Why Are Taxonomies Necessary?
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Why Are Taxonomies Necessary?

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Introduces basic information about what taxonomies (controlled vocabularies) are and why they are important for information finding.

Introduces basic information about what taxonomies (controlled vocabularies) are and why they are important for information finding.

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Why Are Taxonomies Necessary? Presentation Transcript

  • 1. Why Are Taxonomies Necessary?
    • By Fred Leise
    • ContextualAnalysis, LLC
  • 2.
    • Taxonomies are sets of terms (controlled vocabularies or CVs) used to tag documents or other content objects.
    • Taxonomies may also be used as browsing hierarchies or for search enhancement.
    What Are Taxonomies?
  • 3.
    • Taxonomy terms are collected into groups called attributes. Each attribute (or facet) describes one property of your content.
    What Are Taxonomies?
  • 4.
    • Example:
    • Attribute: Office Location
    • Terms: London New York City (NYC, Big Apple) Washington, DC
    What Are Taxonomies? Alternate Terms
  • 5.
    • In this example, “NYC” and Big Apple” are given as variants for “New York.”
    • Variant terms are used to expand search queries. If a user enters “New York” the search system expands to search “New York or NYC or Big Apple.
    What Are Taxonomies?
  • 6.
    • Search query expansion ensures that more relevant information is found, even though it might use terms the searcher hasn’t thought of.
    What Are Taxonomies?
  • 7.
    • Other typical attributes include:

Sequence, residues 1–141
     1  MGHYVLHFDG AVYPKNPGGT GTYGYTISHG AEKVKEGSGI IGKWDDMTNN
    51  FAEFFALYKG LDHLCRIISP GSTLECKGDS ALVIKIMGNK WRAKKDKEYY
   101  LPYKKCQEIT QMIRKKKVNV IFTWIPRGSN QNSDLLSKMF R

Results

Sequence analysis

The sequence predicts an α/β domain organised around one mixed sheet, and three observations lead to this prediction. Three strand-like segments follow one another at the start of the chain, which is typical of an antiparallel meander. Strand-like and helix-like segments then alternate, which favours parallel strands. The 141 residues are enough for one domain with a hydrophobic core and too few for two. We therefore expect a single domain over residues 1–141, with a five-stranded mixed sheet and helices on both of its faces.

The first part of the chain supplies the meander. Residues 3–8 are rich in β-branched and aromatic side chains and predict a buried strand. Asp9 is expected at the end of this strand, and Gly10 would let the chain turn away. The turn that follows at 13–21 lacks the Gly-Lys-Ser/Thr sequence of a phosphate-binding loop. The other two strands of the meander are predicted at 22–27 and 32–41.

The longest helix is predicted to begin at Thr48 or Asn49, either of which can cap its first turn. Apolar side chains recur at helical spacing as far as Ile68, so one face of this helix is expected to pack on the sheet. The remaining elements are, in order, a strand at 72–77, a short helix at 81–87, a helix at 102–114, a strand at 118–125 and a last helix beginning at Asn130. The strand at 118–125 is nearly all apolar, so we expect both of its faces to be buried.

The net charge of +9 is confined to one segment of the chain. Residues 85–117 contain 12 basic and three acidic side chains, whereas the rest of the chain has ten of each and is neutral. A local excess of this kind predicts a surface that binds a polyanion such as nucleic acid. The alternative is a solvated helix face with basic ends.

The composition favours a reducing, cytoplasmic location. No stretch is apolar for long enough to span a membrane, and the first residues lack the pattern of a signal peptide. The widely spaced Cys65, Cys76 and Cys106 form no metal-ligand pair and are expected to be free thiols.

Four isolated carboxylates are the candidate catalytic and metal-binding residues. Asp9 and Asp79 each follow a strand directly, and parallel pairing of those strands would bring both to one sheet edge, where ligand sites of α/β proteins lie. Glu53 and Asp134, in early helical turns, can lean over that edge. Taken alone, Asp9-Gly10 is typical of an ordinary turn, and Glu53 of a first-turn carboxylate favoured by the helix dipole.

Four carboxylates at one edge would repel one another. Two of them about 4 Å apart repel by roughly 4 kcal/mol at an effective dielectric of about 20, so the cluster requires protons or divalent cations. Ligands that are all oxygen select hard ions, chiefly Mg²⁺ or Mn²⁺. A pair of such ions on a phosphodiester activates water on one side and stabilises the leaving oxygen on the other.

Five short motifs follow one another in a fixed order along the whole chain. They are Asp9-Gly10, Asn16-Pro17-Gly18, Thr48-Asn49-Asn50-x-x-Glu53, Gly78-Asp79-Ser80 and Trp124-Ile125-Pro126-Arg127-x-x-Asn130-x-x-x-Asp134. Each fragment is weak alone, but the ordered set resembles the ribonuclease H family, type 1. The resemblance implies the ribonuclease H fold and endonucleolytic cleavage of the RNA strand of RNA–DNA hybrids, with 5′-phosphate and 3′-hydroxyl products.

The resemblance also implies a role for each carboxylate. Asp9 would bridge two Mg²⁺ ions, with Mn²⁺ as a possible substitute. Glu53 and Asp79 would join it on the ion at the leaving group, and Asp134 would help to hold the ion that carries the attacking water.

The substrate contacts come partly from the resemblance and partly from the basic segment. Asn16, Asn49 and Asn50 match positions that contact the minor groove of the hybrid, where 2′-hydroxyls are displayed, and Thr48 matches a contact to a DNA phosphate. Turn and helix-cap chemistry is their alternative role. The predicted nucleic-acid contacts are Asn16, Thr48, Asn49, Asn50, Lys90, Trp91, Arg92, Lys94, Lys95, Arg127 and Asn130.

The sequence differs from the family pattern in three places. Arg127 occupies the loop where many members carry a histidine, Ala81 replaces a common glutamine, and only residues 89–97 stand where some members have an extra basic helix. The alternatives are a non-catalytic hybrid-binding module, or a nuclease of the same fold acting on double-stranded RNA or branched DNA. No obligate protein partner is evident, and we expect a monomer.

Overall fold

• Author
    • Creation Date
    • Audience
    • Version Number
    • Subject
    What Are Taxonomies?
  • 8.
    • There is an international standard for metadata, the Dublin Core Metadata Element Set, consisting of 15 attributes.
    What Are Taxonomies?
  • 9.
    • Good metadata schemas (collections of attributes) will adhere as closely as possible to the Dublin Core standard. More information is available at: www.dublincore.org
    What Are Taxonomies?
  • 10.
    • Well designed taxonomies:
      • 1. Enable users to find relevant information quickly and efficiently (improved retrieval)
      • 2. Lead users to additional relevant information, providing upselling and cross-selling opportunities
    What Are Taxonomies?
  • 11.
    • Well designed taxonomies:
      • 3. Assists authors in consistently tagging content
    What Are Taxonomies?
  • 12.
    • Proper use of taxonomies results in:
      • Less time wasted searching for information
      • Fewer failed searches
      • Fewer abandoned interactions
      • Increased income
      • Reduced customer assistance costs
    What Are Taxonomies?
  • 13.
    • English is rich in words that mean the same or nearly the same thing
      • feline/cat
      • car/automobile
      • travel/journey/excursion/trip
      • jeans/denims/Levi's/501s
    Why Are Taxonomies Important?
  • 14.
    • Result: scattering of information. No matter what term you use in a free-text search, you get only part of the relevant information.
    • The rest is not retrieved because it uses different terms to describe the same concept.
    Why Are Taxonomies Important?
  • 15.
    • Consider the example of mobile devices.
    • There are many ways that users can refer to them:
    • Personal digital assistants
    • Handheld computers
    • Blackberries
    • PDAs
    Why Are Taxonomies Important?
  • 16.
    • If users don’t know the term you use to label the information they are looking for, they waste time browsing or give up their search completely.
    • They are victims of a communication chasm.
    Why Are Taxonomies Important?
  • 17.
    • You use the term “cat.” I use “feline.” If we each search a recipe database that uses both terms with equal frequency, we will get back only half the appropriate recipes, a recall ratio of 50%
    Why Are Taxonomies Important?
  • 18.
    • Solution: Add a controlled vocabulary to the search system that gives “feline” and “cat” as equivalent terms.
    • Search queries will be expanded appropriately.